We tasted wines in flights of between 10 and 12 related wines, starting with two flights of St-Émilion and then one each of Pomerol, Margaux, Pessac-Léognan, St-Estèphe, St-Julien, Pauillac and then a range of 'super seconds' (second growths and left-bank equivalents that can sometimes perform as well as first growths) and then a flight comprising the five first growths of Médoc and Graves together with Le Pin and Chx Lafleur, Pétrus, Ausone and Cheval Blanc from the right bank of the Gironde.

Apart from the first-growth equivalents, no right-bank wine really dazzled us. The St-Émilions were, as usual, the most varied group, so great a variation in wine-making technique is there here. Gérard Perse’s Ch Monbousquet was the most obvious example of the modern school and smelt so sweet, I thought someone might have smuggled a particularly aromatic Pinot Noir into the first flight. In the second flight of St-Émilions, his Ch Pavie-Decesse stood out for me, having somehow successfully shed the huge charge of oak that marked it in its youth. Many other St-Émilions and even Pomerols were disappointments, with notably drying tannins on some of the Pomerols, although the failure of the Merlot did put huge pressure on right-bank winemakers in 2002.

Among the better wines of the Graves, those from the Pessac-Léognan appellation (which are curiously difficult to find in the UK), Ch Malartic-Lagravière was particularly popular with the group for its unusual succulence, although it is not inexpensive. De Fieuzal was another over-performer from this appellation and vintage, and very much better value. Bernard Magrez’s ambitiously priced Ch Pape-Clément was included with the super seconds and therefore - perhaps automatically? - garnered a significantly higher score than the wine with which it is often compared, Ch Smith Haut Lafitte – but the latter is a much better buy. Domaine de Chevalier will doubtless prove the longest-distance runner of the appellation.

In the Médoc, I found the Margaux wines generally reassuringly Margaux-like – reasonably silky and perfumed – in this vintage, when it was difficult to concentrate Margaux fruit into a copy of a Pauillac. The St-Juliens were much more solid – sometimes too much so – whereas the Pauillacs seemed to have the best balance of all. Langoa-Barton was looking much more attractive at this stage than its stablemate Léoville Barton. In Pauillac, the wines from the Mouton stable – Chx d’Armailhac and Clerc Milon, Petit Mouton, the second wine of Ch Mouton Rothschild, and Mouton Rothschild itself – all showed very well. It was around this time that Philippe Dallhuin took over as technical director from Patrick Léon for all three properties.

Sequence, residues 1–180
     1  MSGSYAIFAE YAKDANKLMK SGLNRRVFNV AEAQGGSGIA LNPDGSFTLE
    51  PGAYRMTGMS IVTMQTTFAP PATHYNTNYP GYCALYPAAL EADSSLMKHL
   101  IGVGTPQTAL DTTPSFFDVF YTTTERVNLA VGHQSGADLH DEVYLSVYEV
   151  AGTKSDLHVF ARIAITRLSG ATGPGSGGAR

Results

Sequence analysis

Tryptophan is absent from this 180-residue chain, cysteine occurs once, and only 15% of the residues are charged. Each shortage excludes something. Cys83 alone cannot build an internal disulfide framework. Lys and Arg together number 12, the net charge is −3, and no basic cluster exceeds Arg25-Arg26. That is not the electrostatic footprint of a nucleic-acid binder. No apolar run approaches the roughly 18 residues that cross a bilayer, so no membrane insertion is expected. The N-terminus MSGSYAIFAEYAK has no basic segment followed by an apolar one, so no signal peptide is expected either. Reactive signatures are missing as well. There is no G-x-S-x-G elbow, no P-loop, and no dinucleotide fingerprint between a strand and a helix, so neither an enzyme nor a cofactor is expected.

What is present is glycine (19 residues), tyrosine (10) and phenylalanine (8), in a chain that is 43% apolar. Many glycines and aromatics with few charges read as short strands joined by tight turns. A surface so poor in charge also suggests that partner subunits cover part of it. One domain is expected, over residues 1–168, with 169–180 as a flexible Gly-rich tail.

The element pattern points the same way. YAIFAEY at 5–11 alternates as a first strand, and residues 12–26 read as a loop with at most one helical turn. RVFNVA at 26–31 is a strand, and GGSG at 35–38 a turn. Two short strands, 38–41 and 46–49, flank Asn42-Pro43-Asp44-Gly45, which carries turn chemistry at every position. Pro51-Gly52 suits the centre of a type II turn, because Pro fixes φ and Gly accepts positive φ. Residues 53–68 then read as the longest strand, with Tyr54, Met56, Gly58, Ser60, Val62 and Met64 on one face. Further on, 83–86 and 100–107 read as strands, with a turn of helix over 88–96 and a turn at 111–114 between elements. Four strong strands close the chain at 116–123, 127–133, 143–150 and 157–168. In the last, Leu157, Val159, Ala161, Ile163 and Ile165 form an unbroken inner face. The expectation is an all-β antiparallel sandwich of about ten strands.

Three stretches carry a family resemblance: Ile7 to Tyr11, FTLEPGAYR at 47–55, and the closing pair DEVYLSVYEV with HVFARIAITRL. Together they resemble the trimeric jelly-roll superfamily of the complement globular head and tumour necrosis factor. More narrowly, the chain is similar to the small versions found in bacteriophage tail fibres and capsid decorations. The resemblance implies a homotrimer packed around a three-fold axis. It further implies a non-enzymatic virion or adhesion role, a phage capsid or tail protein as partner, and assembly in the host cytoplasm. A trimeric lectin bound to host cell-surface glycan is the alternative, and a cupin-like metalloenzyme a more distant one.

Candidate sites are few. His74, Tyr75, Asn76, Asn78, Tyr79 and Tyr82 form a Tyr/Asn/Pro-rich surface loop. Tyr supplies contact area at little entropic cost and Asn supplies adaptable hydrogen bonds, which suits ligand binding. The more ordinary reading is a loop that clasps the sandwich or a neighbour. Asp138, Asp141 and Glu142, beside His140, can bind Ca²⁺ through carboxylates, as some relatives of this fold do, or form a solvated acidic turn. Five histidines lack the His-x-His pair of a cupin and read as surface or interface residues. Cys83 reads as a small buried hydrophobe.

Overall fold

Ch Grand Puy Lacoste and, especially, Ch Lynch Bages also put in a very solid performance in 2002, as did both Chx Pichon Lalande and Pichon Longueville, but perhaps the best-value Pauillac that we tasted was Ch Haut-Bages Libéral, currently on offer at Total Wine & More stores in the US at under $30, and available in the UK for not much more.The second wine of Ch Pichon Lalande, the super-sweet Réserve de la Comtesse, can be found for under £25 a bottle in the UK at the time of writing.

As for the first growths, Mouton looks under-valued, while Latour may be over-valued to judge by its performance in our blind tasting. But the variation in average score out of 20 was no more than 0.8 within the first growth flight, and our impressions were based on one (necessarily fairly swift) tasting of one bottle of each wine. What was truly shocking was the number of wines spoilt by some sort of taint, most probably cork-related. Five bottles out of our 120 were deemed too badly spoilt to be worth marking.

There are certainly bargains to be had from the 2002 vintage, even if there are few heart-stopping thrills.

Best buys in 2002 red bordeaux

Ch Bernadotte
Ch de Fieuzal
Ch Grand Puy Lacoste
Ch Haut-Bages Libéral
Réserve de la Comtesse
Ch Smith Haut Lafitte

For full tasting notes, scores and suggested drinking dates on nearly 120 red bordeaux 2002s, see 2002 bordeaux at seven – tasting notes